Friday, October 24, 2014

Newly Released Dallas Nurse To Meet With Obama

Patient Nina Pham is hugged by Dr. Anthony Fauci, director of the National Institute of Allergy and Infectious Diseases outside of National Institutes of Health (NIH) in Bethesda, Md., Friday, Oct. 24, 2014.


BETHESDA, Md. (AP) — A nurse who caught Ebola while caring for the patient diagnosed in Dallas was released from a hospital Friday, free of the virus, and was to meet later in the day with President Barack Obama at the White House.
Nurse Nina Pham said she felt "fortunate and blessed to be standing here today," as she left the National Institutes of Health's hospital outside Washington. She thanked her health care team in Dallas and at the NIH and singled out fellow Ebola survivor Dr. Kent Brantly, who recovered after becoming infected in Liberia, for donating plasma containing Ebola-fighting antibodies as part of her care.
"Although I no longer have Ebola, I know it may be a while before I have my strength back," Pham, 26, said at a news conference. Doctors have cleared her to return home to Texas. After that, the White House announced Obama would meet with Pham in the Oval Office.
Dr. Anthony Fauci, infectious disease chief at the NIH, gave Pham a hug and told reporters that five consecutive tests showed no virus left in her blood. Five tests is way beyond the norm, he stressed, but his team did extra testing because the NIH is a research hospital.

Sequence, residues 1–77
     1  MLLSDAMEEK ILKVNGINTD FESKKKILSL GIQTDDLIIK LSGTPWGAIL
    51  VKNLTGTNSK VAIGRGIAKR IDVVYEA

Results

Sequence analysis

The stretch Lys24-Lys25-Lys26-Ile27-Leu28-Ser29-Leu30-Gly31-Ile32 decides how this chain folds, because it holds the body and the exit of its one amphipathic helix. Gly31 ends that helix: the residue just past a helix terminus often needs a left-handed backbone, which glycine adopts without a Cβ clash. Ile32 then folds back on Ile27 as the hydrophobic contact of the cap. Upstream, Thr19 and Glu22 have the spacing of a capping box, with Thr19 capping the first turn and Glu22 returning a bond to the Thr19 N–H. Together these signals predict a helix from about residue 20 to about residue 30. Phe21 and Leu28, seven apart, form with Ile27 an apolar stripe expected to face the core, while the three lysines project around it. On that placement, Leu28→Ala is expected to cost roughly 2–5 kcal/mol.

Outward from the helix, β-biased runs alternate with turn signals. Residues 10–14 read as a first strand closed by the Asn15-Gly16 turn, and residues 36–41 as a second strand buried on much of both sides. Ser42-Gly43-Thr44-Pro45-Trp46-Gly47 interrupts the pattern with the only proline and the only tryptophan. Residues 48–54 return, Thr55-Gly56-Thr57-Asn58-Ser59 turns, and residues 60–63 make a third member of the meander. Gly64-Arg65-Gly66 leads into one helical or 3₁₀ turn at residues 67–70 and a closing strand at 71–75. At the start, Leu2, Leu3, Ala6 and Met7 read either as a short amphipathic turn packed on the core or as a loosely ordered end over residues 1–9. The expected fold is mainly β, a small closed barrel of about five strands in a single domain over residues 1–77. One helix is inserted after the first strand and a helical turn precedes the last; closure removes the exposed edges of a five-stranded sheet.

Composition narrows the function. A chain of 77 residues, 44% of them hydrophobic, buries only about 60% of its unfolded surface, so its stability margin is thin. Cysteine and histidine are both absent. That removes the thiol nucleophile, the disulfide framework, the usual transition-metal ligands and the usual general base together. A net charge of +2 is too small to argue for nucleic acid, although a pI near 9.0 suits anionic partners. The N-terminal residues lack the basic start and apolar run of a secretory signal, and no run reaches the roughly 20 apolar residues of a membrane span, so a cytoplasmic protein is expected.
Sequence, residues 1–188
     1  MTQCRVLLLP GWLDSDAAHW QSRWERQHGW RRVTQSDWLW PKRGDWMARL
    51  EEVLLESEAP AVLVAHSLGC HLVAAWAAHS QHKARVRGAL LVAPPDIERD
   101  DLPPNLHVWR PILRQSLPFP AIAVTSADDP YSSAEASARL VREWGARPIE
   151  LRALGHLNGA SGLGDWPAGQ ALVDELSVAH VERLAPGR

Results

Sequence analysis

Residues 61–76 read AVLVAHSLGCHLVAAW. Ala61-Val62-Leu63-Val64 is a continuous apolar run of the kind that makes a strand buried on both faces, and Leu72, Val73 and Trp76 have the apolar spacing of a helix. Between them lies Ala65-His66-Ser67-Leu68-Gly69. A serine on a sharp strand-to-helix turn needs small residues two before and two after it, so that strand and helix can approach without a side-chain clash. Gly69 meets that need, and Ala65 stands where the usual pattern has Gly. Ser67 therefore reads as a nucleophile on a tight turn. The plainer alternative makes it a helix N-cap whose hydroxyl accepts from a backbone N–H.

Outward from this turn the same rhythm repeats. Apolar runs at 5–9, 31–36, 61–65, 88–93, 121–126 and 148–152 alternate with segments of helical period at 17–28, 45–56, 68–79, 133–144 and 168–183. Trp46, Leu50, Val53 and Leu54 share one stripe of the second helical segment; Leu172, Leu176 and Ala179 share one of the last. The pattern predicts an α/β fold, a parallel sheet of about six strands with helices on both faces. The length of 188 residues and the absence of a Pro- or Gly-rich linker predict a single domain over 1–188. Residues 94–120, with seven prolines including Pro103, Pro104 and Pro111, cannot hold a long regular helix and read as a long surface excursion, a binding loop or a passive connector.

"She is cured of Ebola, let's get that clear," Fauci said. Pham arrived last week at the NIH Clinical Center in Bethesda, Maryland. She had been flown there from Texas Presbyterian Hospital in Dallas.
Pham is one of two nurses in Dallas who became infected with Ebola while treating Thomas Eric Duncan, who died of the virus Oct. 8. The second nurse, Amber Vinson, is being treated at Emory University Hospital in Atlanta, which on Friday issued a statement saying she "is making good progress" and that tests no longer detect virus in her blood. But Emory said it had no discharge date for Vinson yet, as she continues to receive supportive care.
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